Jim’s real love is the area around Tours as his house is not far from the city. Here are excerpts from his introductions to our two guides to the areas near Tours, first East and then West:

“Eastern Touraine is the heart of the Loire Valley – not the geographic middle but the essence of the Loire. Here are many of the most famous châteaux – Amboise, Chambord and the lovely Chenonceau built of tuffeau, the local honey-coloured limestone. It was here that the French kings governed for much of the Renaissance, while cavorting with their various mistresses in the gentle Touraine landscape. The whole area is a classified UNESCO World Heritage site. The remarkable wines of Vouvray and Montlouis mark a final glorious flowering of Chenin Blanc close to its the easterly limit. Sauvignon Blanc is widely planted, providing crisp and racy wines costing a fraction of Pouilly Fumé and Sancerre.”

“Although many people think of the Loire as white wine country, a little under half of Loire wines are either red or rosé. Saumur Champigny, Bourgueil, Saint Nicolas de Bourgueil and Chinon form the centre of the Loire’s red wine production. Based almost exclusively on Cabernet Franc, this is the source of the Loire’s finest reds, with the possible exception of top Sancerres made from Pinot Noir. There is a range of styles from easy-drinking reds bottled early to enjoy young to much more structured wines, usually planted on the limestone hillsides, that need time and in good vintages will last twenty years or more. The string of lovely châteaux – both world famous and unknown – found east of Tours continues to the west. Azay-le-Rideaux, Chinon, Ussé (the sleeping beauty château) and Villandry are the best known. There are also many beautiful villages and little hamlets that nestle in the gently undulating countryside.”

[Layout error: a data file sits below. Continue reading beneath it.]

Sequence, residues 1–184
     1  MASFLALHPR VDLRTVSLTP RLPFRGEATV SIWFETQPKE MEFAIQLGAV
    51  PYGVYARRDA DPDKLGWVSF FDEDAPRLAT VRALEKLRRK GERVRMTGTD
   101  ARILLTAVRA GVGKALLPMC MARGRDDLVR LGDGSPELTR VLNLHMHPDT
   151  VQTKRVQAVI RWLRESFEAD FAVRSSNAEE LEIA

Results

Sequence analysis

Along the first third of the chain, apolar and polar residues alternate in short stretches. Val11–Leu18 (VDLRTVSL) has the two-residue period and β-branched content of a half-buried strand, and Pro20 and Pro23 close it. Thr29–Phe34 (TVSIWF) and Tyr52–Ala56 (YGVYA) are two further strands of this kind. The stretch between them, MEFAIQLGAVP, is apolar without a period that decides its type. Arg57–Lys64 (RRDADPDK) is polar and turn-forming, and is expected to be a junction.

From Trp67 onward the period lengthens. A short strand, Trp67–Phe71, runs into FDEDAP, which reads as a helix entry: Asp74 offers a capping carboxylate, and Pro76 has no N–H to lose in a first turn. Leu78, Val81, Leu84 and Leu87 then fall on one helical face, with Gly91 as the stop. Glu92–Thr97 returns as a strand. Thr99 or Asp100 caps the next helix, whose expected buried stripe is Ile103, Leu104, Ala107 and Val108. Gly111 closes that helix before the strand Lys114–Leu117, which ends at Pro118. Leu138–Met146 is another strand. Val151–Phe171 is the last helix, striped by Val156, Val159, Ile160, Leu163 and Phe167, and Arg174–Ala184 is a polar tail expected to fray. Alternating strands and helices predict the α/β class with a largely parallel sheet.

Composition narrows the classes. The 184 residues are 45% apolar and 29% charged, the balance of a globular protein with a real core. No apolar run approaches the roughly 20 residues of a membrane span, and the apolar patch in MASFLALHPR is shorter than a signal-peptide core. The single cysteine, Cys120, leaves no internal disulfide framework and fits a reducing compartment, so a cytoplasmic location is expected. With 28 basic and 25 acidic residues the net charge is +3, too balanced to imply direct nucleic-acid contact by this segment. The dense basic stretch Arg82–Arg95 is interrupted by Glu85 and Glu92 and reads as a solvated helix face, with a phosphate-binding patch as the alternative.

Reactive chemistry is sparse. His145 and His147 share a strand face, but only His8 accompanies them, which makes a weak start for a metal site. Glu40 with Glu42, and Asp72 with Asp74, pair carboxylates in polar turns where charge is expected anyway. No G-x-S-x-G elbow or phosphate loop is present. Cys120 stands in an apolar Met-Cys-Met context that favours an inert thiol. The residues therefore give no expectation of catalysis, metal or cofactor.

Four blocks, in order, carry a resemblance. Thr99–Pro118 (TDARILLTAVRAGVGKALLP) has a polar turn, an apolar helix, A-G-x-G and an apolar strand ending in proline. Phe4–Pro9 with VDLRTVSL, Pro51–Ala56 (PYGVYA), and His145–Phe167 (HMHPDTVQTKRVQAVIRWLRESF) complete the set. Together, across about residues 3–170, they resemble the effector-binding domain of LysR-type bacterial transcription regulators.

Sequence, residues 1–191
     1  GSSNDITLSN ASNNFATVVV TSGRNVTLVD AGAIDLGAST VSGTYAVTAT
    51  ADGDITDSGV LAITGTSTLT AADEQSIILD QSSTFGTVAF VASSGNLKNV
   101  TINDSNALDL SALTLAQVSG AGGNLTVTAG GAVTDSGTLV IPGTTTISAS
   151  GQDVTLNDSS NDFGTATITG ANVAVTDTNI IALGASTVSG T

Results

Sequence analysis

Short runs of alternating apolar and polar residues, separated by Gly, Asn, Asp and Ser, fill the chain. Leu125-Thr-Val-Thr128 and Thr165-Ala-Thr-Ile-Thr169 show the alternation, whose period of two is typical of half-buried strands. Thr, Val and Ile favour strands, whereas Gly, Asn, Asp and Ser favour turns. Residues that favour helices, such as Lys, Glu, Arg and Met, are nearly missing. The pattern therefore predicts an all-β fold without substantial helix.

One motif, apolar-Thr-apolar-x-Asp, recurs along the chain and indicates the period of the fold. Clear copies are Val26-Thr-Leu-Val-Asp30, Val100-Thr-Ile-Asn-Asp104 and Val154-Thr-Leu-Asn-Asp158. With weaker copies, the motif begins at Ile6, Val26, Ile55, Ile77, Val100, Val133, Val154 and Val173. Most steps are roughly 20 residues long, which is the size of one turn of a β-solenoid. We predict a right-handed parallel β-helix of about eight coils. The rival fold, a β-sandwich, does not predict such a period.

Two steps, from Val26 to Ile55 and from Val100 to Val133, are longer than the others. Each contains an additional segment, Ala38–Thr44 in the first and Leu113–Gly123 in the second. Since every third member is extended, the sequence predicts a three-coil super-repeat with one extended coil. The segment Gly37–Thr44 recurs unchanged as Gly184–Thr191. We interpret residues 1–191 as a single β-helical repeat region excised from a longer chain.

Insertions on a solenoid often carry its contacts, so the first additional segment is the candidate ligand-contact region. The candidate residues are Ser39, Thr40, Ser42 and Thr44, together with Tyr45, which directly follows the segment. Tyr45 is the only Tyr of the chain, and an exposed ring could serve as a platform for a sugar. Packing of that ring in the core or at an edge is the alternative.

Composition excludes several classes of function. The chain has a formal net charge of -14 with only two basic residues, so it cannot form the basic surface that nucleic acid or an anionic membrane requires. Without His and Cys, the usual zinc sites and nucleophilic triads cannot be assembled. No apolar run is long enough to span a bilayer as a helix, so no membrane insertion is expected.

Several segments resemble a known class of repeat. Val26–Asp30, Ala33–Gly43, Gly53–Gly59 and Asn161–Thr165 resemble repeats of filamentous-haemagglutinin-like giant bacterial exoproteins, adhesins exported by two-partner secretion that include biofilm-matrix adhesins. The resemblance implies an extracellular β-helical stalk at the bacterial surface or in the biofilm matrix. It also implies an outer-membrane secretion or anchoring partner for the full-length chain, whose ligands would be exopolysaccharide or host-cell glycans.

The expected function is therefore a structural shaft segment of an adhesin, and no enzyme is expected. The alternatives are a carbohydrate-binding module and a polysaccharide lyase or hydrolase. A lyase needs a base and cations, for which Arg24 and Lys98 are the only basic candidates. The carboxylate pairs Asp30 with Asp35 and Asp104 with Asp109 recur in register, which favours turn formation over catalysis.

I was lucky enough to spend a couple of days in the Loire in August, enjoying a visit to the appellation and village of Menetou-Salon, a close neighbour of Sancerre that produces similar wines. The following day having driven south of Tours, we ate out at chef Jacky Dallais’ Le Promenade, one of Jim’s hot restaurant recommendations that happens to be conveniently close to where my sister lives. Jim writes about it on our guides:

“This is one of my favourite restaurants in France and given the quality of the food certainly offers amazing value for money. Dallais champions local produce including geline de Touraine, a particularly flavoursome local bred of chicken. Splendid wine list not just for the Loire but for other parts of France especially Languedoc-Roussillon, orchestrated by Xavier Fortin.” We had a wonderful lunch there with excellent wines and can’t wait to go again on our next visit to my sister. Wine travel in practice!


If you aim to explore the wine regions of the Loire this autumn or even are planning a visit next year, do take a look at our guides and don’t forget the special subscribers’ discount for Wandering Educators visitors.  You will find the details at our special Wine Travel Guides section here at Wandering Educators.




Wink Lorch is the Wine Editor for Wandering Educators, and the Publisher of Wine Travel Guides.